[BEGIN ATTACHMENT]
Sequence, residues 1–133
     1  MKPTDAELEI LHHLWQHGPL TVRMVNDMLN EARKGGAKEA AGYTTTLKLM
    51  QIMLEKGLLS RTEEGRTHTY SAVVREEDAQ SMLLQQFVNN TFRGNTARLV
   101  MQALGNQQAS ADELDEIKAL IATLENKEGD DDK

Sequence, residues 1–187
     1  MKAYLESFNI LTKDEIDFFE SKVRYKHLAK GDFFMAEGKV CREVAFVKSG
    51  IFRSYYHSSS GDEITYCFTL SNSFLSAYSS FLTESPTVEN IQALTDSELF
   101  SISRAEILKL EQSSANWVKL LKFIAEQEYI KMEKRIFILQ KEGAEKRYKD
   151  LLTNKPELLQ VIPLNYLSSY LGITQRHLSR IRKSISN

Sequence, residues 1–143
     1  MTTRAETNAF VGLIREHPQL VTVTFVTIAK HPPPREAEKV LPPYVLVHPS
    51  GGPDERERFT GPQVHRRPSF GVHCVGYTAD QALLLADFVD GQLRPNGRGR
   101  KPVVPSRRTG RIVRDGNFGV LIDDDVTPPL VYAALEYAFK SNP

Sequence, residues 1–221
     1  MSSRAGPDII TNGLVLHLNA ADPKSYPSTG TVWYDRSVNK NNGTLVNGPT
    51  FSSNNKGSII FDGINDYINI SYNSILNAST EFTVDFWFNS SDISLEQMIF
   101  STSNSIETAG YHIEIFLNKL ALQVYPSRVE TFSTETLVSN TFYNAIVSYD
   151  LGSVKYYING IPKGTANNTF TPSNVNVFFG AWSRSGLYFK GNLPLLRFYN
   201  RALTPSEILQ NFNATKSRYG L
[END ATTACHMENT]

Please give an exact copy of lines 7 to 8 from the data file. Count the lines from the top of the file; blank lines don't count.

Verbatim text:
    51  IFRSYYHSSS GDEITYCFTL SNSFLSAYSS FLTESPTVEN IQALTDSELF
   101  SISRAEILKL EQSSANWVKL LKFIAEQEYI KMEKRIFILQ KEGAEKRYKD